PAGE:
I am beginning to get really fed up with the lousy preparation that self-publishing authors seem to consider adequate for their ebooks. Since acquiring my first ereader, I have made a point of reading ebooks by unknown authors as much as ebooks by established writers and whilst there have always been a fair number of typos in many of the ebooks I read, this seems to be getting worse and worse lately.
I am currently reading a Sci-Fi ebook from Amazon, called The Last Praetorian, by Mike Smith, which as a story is quite reasonable, but it is a mess… on every page there will be at least one, and frequently many typos and grammatical mistakes. The use of “There” in place of “Their”, “To” instead of “Too”, “Fine Toothcomb” instead of “Fine-Tooth Comb” and many, many more. Words are missing, tenses are incorrect, even entire paragraphs are repeated. “Explicit” instead of “Implicit” and the list goes on and on. The author of this ebook is obviously a man with quite a broad vocabulary to judge by the words he chooses to use, which makes it all the stranger that he has seemingly written the book, and then published it without actually proof reading the thing.
It is this apparent lack of pride in their work which puzzles me the most about these error ridden ebooks. If the author is verging on illiteracy, as some patently are, I can understand it, even if I find it hard to forgive, but when an author is capable of using words of more than one syllable and still puts a product onto the market that is riddled with such faults I find it hard to understand the reason.
In the days when publishers stood between us and our books, typos occurred, but reasonably rarely. All books went through a lengthy process of editing and controls before being printed, but now, with the advent of sites such as Smashwords, Amazon et.al we have a totally free market, and there is no pressure any more from publishers to their authors to ensure that the final product is up to scratch – which is a great pity, as an ebook with too many typos is no pleasure to read, no matter how good the actual characterisation and story may be.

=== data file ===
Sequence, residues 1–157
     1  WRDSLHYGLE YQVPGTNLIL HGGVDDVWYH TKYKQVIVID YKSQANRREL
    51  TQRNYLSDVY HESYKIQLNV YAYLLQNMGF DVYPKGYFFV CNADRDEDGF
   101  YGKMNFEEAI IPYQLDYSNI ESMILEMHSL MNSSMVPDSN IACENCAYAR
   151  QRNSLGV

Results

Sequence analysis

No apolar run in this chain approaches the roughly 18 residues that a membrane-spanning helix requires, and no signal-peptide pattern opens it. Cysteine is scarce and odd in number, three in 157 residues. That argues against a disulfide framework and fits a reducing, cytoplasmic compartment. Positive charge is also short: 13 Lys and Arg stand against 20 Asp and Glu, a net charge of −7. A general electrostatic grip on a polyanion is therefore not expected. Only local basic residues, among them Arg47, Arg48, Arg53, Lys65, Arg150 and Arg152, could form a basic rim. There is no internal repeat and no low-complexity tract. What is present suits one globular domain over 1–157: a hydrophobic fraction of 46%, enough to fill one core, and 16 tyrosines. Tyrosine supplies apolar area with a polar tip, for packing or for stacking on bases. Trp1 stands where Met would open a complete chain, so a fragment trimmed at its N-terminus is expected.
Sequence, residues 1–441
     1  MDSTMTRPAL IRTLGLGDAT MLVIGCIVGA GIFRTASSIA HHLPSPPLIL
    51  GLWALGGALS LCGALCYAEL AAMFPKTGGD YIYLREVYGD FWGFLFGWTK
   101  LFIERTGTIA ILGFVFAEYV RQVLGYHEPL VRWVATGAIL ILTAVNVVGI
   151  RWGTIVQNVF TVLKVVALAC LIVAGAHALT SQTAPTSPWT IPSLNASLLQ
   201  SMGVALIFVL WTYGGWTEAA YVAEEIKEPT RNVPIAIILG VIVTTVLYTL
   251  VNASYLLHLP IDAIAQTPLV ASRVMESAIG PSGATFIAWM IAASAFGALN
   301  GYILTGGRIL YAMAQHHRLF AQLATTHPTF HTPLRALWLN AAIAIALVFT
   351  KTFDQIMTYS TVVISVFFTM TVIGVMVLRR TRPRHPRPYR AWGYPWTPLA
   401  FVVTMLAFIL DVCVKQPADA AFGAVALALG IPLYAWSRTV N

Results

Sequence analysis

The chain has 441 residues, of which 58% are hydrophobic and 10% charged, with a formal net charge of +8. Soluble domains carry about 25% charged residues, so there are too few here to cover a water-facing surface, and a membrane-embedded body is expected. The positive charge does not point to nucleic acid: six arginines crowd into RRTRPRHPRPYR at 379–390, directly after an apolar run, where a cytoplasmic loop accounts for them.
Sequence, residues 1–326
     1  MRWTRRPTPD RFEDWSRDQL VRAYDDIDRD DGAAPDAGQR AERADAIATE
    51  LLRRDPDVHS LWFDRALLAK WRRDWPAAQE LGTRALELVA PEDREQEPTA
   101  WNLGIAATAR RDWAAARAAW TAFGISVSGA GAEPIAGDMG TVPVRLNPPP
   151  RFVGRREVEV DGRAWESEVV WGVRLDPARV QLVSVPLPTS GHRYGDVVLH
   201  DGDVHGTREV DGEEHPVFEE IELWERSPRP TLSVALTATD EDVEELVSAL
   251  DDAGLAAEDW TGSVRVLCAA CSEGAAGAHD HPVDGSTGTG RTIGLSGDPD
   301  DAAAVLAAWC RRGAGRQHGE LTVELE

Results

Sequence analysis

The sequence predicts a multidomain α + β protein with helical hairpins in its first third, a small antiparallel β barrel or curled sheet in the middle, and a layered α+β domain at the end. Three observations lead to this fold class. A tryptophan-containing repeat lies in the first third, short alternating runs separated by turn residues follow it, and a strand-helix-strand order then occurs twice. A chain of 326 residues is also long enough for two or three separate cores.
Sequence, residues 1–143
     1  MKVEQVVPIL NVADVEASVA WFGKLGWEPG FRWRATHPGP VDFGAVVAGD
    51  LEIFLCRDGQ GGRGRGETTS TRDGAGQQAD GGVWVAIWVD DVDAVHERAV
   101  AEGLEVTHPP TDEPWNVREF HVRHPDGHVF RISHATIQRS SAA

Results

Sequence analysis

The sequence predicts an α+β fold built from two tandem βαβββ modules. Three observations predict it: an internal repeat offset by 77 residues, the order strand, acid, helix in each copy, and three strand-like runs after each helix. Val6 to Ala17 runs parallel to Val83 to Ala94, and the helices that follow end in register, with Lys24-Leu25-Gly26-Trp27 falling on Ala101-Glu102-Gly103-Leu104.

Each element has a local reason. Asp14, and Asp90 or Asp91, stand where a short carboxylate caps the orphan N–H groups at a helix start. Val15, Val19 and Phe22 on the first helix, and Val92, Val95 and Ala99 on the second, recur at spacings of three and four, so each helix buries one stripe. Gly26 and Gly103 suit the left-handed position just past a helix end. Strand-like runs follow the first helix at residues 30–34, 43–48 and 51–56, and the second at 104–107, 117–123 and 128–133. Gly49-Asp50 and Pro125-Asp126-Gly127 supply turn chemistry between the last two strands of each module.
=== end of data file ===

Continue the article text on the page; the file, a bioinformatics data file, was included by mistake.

Frankly I get the impression that a lot of self-publishing authors simply hammer away at their keyboards, and when they reach the end of the story, they simply let their spelling checker go to work, and blindly accept whatever it suggests, thus “to” in place of “too”. Both are correctly spelt, but obviously have completely different meanings.
I take trouble with this blog to try and avoid spelling mistakes, and as much as possible to ensure that the syntax isn’t too full of horrible mistakes as well. It is a simple matter of pride. My name is attached to what I write, and I have no ambitions to appear to be an illiterate idiot.. Something that apparently doesn’t worry many contemporary writers of ebooks.
So come on guys, call back your ebooks from Smashwords, Amazon, iBooks and all those places, and go through them with your “fine Toothcomb” and make them readable. After all, you have worked damned hard to write your ebooks, so the least you can do is ensure that it is technically of such a standard that we can read your immortal prose with pleasure, rather than increasing irritation, which in my case at least, sooner or later leads to me abandoning my attempts to read your ebooks.
The various ebooks I have reviewed on my blog happily were not typical of this trend, and were almost completely free of such egregious errors, so there are self-publishing writters out there who do take the trouble to produce ebooks to a high standard of technical excellence.
Share with us:
What are your feelings about this problem? Are you OK with it on the basis that the ebooks you get from such self-publishers are either free or very cheap, and thus you accept bad quality control? Or do you agree with me that no matter what you pay for an ebook, you should expect a reasonably well checked product?